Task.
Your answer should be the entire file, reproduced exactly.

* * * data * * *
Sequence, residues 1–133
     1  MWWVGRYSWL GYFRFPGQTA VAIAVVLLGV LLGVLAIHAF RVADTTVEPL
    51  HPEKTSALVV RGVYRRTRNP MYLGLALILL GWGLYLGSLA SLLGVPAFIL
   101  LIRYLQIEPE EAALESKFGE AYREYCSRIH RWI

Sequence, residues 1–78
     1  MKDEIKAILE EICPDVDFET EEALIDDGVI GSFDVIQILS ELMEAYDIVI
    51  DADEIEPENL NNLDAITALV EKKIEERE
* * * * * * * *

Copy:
Sequence, residues 1–133
     1  MWWVGRYSWL GYFRFPGQTA VAIAVVLLGV LLGVLAIHAF RVADTTVEPL
    51  HPEKTSALVV RGVYRRTRNP MYLGLALILL GWGLYLGSLA SLLGVPAFIL
   101  LIRYLQIEPE EAALESKFGE AYREYCSRIH RWI

Sequence, residues 1–78
     1  MKDEIKAILE EICPDVDFET EEALIDDGVI GSFDVIQILS ELMEAYDIVI
    51  DADEIEPENL NNLDAITALV EKKIEERE